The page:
Until the renewal is processed based on actual current income, the spend-down, if any, will remain the same.  It cannot be increased by the Medicaid office. 

  1. Those who don't want to wait for the renewal, starting in January 2023, may ask their local Medicaid agency to rebudget their income - and reduce their spend-down and enroll them in an MSP.     

    1. Later in December 2022,  the NYS Dept. of Health will send a notice to consumers who have a spend-down saying  that starting Jan. 2023, they may ask their local Medicaid office to rebudget their spend-down. Those in the QI-1 Medicare Savings Program will also receive notice that they may request an upgrade of coverage to QMB, and also Medicaid if their assets are under the new Medicaid asset limits. 

    2. Advocates are concerned that HRA and the county Medicaid offices lack the capacity to field thousands of requests to recalculate the spend-down.  This may delay help for those with the most urgent need to have their case rebudgeted.

    3. NYLAG recommends that advocates triage these requests to prioritize those for whom rebudgeting is more urgent.  Suggested priorities are:


  • People using the Pay-In program or who meet their spend-down by submitting medical bills to the Medicaid office.  

  • Those who are in the QI-1 MSP and would like to upgrade to full QMB and Medicaid.


  • Those who have been determined to have a ZERO ($0) SPEND-DOWN based on depositing income into a Pooled Income Trust  or if under age 65, into an individual Supplental Needs Trust (SNT).  They have the lowest priority since they already have full access to Medicaid without being billed for a spend-down.  However, these consumers may still want to reduce how much they deposit into the trust.  Advocates who are knowledgeable about Medicaid budgeting can estimate the consumer's spend-down for 2023. (Use 2023 income and 2022 FPL until the 2023 FPL is announced and see Non-MAGI Budgeting Tips here).  If the consumer reduces their contribution to the Pooled Trust in 2023 to the amount determined by an experienced advocate, then, when the consumer responds to the Medicaid renewal later in 2023 or 2024 after the PHE ends, they will include a Verification of Deposits to the  trust.   If the estimate of their 2023 spend-down was correct, the trust deposits should offset their new spend-down, so that the spend-down will remain at ZERO once the renewal is processed.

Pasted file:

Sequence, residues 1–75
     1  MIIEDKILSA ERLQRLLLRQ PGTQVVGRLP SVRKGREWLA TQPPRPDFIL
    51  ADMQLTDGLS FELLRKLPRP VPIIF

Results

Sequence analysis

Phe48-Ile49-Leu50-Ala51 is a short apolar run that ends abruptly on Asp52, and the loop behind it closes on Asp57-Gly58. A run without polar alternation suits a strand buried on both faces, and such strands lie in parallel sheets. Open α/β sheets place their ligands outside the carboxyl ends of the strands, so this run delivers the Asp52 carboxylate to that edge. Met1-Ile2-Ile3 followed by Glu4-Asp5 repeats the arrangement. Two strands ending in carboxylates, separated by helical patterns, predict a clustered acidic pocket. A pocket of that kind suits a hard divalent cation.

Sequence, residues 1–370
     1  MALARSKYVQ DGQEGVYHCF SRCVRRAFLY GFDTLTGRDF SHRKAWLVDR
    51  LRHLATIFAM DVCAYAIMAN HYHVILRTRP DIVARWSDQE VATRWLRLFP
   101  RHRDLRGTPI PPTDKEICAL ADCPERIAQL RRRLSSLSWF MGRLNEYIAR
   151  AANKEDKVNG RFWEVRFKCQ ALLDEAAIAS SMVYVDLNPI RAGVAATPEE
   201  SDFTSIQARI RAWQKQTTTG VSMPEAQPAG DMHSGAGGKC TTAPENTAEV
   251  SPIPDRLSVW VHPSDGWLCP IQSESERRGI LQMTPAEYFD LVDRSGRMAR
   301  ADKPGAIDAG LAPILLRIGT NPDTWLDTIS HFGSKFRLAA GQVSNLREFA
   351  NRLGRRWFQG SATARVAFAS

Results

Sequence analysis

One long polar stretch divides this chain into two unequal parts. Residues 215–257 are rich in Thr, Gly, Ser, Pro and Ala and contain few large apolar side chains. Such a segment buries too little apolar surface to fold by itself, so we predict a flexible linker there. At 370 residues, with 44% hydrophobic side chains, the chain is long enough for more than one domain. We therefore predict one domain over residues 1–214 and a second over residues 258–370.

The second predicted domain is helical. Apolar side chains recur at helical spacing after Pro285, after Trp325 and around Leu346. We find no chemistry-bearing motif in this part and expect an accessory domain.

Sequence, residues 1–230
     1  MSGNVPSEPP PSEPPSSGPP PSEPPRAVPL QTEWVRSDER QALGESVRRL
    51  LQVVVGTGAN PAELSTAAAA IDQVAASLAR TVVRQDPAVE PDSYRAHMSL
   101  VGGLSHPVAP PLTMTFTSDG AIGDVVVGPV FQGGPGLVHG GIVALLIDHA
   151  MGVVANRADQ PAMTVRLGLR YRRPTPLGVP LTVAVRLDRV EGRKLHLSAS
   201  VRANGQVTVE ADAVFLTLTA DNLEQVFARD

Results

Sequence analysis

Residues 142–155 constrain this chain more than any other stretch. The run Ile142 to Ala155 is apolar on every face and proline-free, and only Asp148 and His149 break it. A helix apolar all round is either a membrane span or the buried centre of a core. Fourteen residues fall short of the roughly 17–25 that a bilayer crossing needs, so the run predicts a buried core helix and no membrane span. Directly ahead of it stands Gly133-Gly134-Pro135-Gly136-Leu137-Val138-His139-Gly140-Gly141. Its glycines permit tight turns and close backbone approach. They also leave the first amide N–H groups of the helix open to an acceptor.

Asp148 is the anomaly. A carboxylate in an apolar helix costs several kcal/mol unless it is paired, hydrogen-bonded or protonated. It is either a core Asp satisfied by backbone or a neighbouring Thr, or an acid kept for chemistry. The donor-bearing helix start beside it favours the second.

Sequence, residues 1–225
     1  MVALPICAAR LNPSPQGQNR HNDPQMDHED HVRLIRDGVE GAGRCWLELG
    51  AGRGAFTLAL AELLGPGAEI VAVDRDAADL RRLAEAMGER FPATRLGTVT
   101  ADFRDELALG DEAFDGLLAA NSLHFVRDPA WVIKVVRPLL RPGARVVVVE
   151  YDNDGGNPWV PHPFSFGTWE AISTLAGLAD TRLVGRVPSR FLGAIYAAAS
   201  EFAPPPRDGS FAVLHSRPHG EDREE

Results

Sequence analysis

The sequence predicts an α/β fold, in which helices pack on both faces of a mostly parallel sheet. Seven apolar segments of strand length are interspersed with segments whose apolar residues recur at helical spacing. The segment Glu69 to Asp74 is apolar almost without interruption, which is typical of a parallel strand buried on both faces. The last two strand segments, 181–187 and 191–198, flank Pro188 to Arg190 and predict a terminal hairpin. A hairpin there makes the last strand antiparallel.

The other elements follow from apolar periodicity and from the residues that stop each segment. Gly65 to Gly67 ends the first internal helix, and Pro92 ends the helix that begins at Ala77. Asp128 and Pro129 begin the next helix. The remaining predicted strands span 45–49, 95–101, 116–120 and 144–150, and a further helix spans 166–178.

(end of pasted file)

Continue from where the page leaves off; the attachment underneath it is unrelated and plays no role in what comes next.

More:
• TIP:   Estimate the 2023 spend-down conservatively - better to put too much than too little into the pooled trust or individual SNT. 

Stay tuned for announcement of a webinar in January for more about this strategy, and stay tuned for suggested ways for how to request rebudgeting from NYC HRA and other county Medicaid agencies.